Sitting and Waiting
There is an ancient teaching that says, “Concentration is like water being poured into a pot. It does not pour in a steady stream, but in drops. Meditation is like oil being poured into a pot, it flows in one steady stream towards it’s goal, the vessel.”
One afternoon, in India, Dug and I went for a walk along the river Ganga. We were high in the mountains, in a town called Uttar Kashi. I took off my shoes and found a comfortable rock to sit upon. I started gazing at the water, I felt my breath connect to the water, and then I closed my eyes. I started to focus on my breath, and then my mantra. I don’t know how much time had passed. Somewhere between 20 and 30 minutes perhaps.
“Concentration is the practice of watching the thought forms as they arise and not identifying with them.”
“Meditation is the state where the mind is still and quiet – when concentration on a chosen object of focus becomes one pointed and uninterrupted for some duration. You cannot ‘do’ meditation, but you can do certain practices, like concentration, that may bring about the meditative state.”
When I opened my eyes, I looked to my right, where Dug was sitting recording sounds of the water. He was gone. In his place sat a sadhu, a holy man. He was a quiet renunciate who must have lived in the mountains. At first I was startled. I stood up to find Dug. He was gone! I noticed the holy man’s stillness. More than notice, I felt it. So strong and loving was this man’s quiet, that immediately something in me shifted into quiet.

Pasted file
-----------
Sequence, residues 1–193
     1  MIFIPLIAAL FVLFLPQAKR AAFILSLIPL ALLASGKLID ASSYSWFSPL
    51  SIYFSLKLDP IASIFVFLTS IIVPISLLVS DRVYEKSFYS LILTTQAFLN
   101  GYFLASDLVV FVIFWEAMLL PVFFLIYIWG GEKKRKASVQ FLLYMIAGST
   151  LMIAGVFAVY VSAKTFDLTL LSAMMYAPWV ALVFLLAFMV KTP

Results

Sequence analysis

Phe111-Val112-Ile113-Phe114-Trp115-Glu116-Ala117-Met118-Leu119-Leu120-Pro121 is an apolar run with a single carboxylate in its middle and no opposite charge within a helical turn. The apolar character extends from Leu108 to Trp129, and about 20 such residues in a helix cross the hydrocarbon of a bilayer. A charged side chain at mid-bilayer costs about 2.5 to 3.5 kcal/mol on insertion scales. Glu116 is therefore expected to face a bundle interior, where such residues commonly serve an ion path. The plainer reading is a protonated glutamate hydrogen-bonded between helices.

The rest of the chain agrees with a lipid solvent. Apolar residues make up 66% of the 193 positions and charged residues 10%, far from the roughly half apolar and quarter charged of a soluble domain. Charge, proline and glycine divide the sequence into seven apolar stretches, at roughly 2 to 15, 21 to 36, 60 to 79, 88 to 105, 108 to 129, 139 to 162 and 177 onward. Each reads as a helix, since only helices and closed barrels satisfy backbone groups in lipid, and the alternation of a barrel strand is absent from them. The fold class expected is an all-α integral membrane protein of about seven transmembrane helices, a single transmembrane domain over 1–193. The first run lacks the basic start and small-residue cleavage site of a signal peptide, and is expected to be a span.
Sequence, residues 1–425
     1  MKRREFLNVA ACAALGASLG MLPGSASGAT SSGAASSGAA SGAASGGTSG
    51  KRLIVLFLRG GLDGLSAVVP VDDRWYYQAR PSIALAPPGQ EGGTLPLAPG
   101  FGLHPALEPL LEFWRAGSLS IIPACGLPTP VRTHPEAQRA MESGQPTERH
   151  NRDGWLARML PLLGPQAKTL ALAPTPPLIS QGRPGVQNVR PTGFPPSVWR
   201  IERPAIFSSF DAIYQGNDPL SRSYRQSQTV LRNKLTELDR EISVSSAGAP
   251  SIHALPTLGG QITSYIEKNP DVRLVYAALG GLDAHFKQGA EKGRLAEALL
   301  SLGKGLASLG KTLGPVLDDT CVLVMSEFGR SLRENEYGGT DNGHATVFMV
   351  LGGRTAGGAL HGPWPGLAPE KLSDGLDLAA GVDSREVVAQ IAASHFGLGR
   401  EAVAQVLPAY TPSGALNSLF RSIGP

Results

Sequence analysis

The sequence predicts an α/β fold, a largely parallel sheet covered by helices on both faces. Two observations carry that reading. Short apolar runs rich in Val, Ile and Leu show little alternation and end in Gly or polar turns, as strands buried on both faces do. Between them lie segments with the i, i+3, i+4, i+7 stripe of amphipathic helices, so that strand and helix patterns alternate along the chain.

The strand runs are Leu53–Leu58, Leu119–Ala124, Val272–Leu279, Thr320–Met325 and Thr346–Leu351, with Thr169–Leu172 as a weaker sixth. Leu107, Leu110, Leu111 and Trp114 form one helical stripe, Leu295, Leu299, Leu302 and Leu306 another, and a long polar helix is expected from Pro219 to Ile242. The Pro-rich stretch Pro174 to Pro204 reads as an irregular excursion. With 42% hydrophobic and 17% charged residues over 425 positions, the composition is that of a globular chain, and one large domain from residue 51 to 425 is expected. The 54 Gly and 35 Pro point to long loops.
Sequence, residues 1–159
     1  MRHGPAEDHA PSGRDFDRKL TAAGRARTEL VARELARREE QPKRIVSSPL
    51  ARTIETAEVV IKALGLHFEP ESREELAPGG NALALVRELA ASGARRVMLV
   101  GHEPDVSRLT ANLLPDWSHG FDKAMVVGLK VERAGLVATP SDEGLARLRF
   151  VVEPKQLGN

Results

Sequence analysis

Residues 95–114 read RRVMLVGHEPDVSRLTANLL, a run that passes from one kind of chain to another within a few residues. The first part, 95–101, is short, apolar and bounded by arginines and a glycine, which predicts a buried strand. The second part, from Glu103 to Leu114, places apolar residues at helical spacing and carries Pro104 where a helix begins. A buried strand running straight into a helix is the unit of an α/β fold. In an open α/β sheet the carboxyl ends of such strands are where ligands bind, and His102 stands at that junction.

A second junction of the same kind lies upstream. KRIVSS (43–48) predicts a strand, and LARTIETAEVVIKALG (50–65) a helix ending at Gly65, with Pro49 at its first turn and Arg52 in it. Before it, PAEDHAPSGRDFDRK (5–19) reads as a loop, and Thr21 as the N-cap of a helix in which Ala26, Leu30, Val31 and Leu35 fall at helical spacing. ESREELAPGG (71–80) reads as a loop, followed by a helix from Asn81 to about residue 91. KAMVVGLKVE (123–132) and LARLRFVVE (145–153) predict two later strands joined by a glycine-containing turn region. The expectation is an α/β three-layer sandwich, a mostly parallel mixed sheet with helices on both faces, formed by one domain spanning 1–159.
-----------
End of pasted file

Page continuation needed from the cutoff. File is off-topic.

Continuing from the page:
I thought to myself, ‘Okay, here I am pregnant, way up in the mountains of Northern India, and I think my husband had disappeared’. Somewhat hypnotized by the spiritual energy that surrounded me, I decided rather than fruitlessly letting my mind whirl, that I would sit and wait.
I watched the sadhu. He had opened his eyes at this point. He was whispering quietly. It almost seemed like he was crying. He made hand gestures to the river, slow, quiet motions from his heart to the water and from the water to his heart. I felt that he too was sitting and waiting, just not for something on the material plane.
I realized, watching this holy man, that I guess that’s what we are all doing. And that there is enormous power in sitting and waiting with watchful quiet, with humility, and with love.
Dug returned shortly after. We walked back up to the road together. I felt that I understood a bit more deeply what Sharon Gannon used to say in her classes, that yoga is the path of becoming receptive.